Disk encryption is no longer just for mobile devices. Encrypting the hard drives of your endpoints is a must now. Even if you’re using technologies such as Folder Redirection to keep data off computers, sensitive data can still end up in Offline Files, temp directories, and other non-standard locations for data storage, such as folders in the user’s profile.
File Explorer showing a BitLocker encrypted OS disk, data disk, and removable drive
What if your users don’t have access to sensitive data? You should still seriously consider encrypting all devices regardless of form factor—even if the device is stationary and physically locked down. An attacker or malicious employee can use an offline attack to reset the local Administrator password and access the computer with that local Administrator account. Once After the system has been compromised, it can be used to steal the credentials of anyone logging in to the computer and all sorts of other malicious activity if it is connected to your corporate network.
Application whitelisting/blacklisting ^
One of my favorite new features that was included in Windows 7 when it was released is AppLocker. AppLocker is an application control service that allows IT to whitelist (allow) and/or blacklist (deny) executables, scripts, Windows Installers (MSI files), Windows Store/Universal apps (in Windows 8+), and even DLL files from running on endpoints.
With AppLocker (or other third-party solutions), you can allow only selected software to run based on criteria such as file location, digital signature, or file hash. Even if you set a policy that allows all software to run by default, you can still blacklist/block applications that your users shouldn’t be using with the same location, digital signature, or file hash settings.
AppLocker blocking an unauthorized application from running (program is blocked by group policy)
Windows and third-party updates ^
Even if you’ve locked down a computer to the point of being barely usable (which I don’t recommend), missing updates can still allow an attacker to compromise the computer. Smaller organizations can simply use Windows Update to automatically update systems. Larger organizations can use Windows Server Update Services (WSUS) or systems management products such as System Center Configuration Manager for pushing out updates for Windows, Office, and other Microsoft products.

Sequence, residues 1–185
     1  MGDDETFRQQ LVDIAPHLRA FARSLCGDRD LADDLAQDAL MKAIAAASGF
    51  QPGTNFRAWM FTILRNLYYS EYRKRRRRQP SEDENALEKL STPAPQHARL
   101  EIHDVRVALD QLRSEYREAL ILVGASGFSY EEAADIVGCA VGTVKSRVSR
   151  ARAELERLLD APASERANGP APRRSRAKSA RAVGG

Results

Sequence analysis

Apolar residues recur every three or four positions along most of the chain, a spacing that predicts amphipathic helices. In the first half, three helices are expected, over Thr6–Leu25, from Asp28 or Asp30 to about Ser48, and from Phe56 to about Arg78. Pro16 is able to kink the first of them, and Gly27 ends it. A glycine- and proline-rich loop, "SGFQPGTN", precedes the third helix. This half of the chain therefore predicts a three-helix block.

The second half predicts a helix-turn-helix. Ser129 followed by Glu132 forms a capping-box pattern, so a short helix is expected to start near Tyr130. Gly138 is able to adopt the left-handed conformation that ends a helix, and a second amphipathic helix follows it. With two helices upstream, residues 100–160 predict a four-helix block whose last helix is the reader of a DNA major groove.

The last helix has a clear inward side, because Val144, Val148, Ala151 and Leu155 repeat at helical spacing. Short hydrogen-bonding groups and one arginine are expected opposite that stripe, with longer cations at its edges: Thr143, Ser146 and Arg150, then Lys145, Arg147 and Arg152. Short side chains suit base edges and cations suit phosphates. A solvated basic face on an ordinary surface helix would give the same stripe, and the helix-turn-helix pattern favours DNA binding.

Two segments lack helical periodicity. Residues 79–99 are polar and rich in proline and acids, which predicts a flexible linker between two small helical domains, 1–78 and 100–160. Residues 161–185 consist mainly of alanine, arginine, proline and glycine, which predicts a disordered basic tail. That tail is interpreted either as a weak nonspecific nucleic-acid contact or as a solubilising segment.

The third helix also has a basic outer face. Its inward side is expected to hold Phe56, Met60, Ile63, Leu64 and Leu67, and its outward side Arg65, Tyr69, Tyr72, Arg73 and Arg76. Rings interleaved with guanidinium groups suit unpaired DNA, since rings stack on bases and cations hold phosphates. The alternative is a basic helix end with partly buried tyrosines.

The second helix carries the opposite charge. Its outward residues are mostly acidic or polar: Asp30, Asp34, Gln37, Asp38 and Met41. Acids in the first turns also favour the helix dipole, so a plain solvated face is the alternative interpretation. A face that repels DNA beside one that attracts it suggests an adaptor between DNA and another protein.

Third-party updates are just as important (if not more important!) than Windows and Office updates. Adobe Flash and Oracle Java both have a bad track record when it comes to security and usually need to be patched as soon as the updates are released to the public. Configuration Manager is capable of publishing third-party updates using the System Center Update Publisher or via plugins from third-party vendors.
Enhanced Mitigation Experience Toolkit (EMET) ^
Last, but certainly not least, is the Enhanced Mitigation Experience Toolkit. EMET is a utility from Microsoft that helps prevent an attacker or malicious user from exploiting vulnerabilities in applications.
EMET can enable Windows features such as Data Execution Prevention (DEP), Address Space Layout Randomization (ASLR), and other enhanced security features for applications that don’t specifically request them based on how the vendor or programmer designed them. This can act as an additional safety net to protect applications that may have unknown security issues or known security issues that, for whatever reason, can’t be patched.
I hope this best practices guide can serve as a starting point for improving the security of your organization’s desktop and laptop endpoints. If you’re getting ready to start a project or make changes to an existing solution, we’d love to hear about in the 4sysops forums or in the comments section below!